Mrs. Menes was elected to the House of Delegates by the same Democratic wave in 1966 that brought Benjamin Cardin and Paul Sarbanes to the House and Steny Hoyer to the State Senate. Del. Menes represented College Park, Beltsville and other areas of the 21st District in Northern Prince George’s County for 40 years, until she retired, in 2007, having served longer than any other current member of the General Assembly.

She was the first woman to serve on the Judiciary Committee, from 1979 on, and used the assignment to work on legislation for juvenile justice and criminal justice, as well as aging, the arts and a broad range of women’s issues.

For many years she chaired the Special House Committee on Drug and Alcohol Abuse. She successfully sponsored legislation mandating AIDS testing of prisoners, setting up needle exchange programs and requiring that suspected child abuse be reported by medical personnel, teachers and social workers.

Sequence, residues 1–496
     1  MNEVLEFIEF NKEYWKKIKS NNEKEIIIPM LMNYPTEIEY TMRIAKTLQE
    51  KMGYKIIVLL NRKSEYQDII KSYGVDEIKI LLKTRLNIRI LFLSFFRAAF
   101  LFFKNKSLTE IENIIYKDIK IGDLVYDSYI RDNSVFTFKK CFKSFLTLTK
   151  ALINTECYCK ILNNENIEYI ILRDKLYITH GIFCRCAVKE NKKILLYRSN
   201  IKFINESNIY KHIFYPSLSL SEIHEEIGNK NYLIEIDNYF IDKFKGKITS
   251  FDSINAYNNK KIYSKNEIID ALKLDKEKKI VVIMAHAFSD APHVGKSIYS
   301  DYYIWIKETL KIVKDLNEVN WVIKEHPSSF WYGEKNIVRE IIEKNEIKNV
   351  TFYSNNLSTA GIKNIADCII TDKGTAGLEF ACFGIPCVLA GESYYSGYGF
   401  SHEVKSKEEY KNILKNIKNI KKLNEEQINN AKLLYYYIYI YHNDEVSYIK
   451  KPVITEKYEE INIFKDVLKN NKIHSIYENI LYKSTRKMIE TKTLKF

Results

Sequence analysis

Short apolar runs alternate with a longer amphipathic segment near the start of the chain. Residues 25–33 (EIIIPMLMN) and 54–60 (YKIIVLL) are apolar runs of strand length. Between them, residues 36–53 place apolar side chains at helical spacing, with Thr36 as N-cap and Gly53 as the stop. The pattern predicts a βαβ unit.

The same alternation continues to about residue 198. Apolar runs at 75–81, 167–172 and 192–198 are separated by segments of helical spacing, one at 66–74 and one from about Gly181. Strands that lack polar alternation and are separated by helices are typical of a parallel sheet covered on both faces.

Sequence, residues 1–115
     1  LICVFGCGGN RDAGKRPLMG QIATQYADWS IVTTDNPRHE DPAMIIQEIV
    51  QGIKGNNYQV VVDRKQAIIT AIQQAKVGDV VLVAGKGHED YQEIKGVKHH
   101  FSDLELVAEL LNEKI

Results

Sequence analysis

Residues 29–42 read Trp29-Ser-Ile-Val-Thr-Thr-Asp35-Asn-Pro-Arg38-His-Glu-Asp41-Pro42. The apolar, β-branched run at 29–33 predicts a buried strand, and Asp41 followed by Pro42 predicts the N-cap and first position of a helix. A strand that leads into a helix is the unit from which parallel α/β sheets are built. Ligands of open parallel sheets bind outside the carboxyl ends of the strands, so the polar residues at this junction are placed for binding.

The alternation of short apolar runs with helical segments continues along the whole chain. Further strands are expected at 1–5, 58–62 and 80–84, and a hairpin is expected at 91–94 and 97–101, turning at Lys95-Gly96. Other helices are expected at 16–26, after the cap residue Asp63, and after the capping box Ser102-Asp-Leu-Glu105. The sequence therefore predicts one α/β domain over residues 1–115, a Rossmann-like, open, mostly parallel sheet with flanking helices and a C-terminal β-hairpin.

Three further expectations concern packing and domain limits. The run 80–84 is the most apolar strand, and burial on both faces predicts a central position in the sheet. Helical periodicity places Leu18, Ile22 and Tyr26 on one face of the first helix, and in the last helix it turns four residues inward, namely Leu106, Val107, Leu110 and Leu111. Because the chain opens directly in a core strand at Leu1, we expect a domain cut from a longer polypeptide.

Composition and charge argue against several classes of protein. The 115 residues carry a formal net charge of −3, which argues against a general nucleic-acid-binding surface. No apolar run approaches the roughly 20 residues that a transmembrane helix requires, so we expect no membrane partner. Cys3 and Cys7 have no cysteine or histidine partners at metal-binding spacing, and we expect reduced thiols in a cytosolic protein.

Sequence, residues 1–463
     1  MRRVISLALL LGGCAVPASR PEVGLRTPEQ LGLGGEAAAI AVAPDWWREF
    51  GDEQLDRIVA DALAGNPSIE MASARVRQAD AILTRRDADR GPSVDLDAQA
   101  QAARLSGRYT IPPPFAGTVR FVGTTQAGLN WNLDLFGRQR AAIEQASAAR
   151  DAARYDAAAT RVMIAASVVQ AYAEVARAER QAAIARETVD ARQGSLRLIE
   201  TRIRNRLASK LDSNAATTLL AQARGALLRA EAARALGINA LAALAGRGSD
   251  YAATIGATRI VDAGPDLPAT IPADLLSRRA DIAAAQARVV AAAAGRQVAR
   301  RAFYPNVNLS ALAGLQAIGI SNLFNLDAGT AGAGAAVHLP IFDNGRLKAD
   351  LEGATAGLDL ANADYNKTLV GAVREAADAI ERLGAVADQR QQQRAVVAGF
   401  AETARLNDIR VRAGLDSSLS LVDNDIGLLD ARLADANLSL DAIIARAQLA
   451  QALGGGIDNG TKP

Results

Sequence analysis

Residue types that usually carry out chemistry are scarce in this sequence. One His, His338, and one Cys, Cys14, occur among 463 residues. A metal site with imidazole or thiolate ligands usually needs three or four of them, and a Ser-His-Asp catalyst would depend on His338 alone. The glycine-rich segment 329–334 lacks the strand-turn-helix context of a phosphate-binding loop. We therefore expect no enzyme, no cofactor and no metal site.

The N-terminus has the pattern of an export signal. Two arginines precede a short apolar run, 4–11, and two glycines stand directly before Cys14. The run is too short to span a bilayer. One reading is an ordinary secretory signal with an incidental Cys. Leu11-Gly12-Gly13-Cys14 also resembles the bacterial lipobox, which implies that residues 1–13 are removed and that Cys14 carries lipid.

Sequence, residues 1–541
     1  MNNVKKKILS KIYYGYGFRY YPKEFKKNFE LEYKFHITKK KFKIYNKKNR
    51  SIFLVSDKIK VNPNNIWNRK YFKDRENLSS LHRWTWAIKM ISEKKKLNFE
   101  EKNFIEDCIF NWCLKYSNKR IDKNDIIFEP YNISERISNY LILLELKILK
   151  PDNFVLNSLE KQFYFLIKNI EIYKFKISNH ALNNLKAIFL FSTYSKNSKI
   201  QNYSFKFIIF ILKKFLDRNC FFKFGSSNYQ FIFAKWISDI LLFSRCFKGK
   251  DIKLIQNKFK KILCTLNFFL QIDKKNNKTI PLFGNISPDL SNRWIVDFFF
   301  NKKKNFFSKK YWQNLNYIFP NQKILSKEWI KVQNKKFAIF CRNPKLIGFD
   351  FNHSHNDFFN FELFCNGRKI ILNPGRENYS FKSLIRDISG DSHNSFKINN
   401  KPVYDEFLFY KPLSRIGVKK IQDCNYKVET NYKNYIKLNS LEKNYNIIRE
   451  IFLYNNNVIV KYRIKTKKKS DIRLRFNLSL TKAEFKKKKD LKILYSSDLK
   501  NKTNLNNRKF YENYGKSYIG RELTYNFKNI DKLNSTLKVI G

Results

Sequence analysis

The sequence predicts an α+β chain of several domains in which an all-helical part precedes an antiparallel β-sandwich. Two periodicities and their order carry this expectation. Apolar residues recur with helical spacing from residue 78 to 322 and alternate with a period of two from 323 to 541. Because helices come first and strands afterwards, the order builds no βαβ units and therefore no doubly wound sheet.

She also served on the Rules Committees, and in her last few terms she was the House’s Parliamentarian. When she announced her retirement, Speaker Michael Busch of Annapolis said, “No one knows the rules and procedures of the House better than Pauline.”

In 1967, there were eleven women in the General Assembly – six in the House, five in the Senate. She told an interviewer that women were not given substantive committee assignments, and she felt resented by many of the male legislators. Forming the
Women’s Legislative Caucus, she said, was a way to fight the intimidation and isolation.

One of the best documented episodes sprang from the fact that there was no ladies room near the House chamber. The female delegates had to walk to the other side of the Capitol, across a hallway often filled with lobbyists, to reach the public rest room. After Del. Menes’s female colleagues picked her to talk to Speaker Thomas Hunter Lowe about the problem, he named her chair of the Ladies Rest Room Committee in 1971.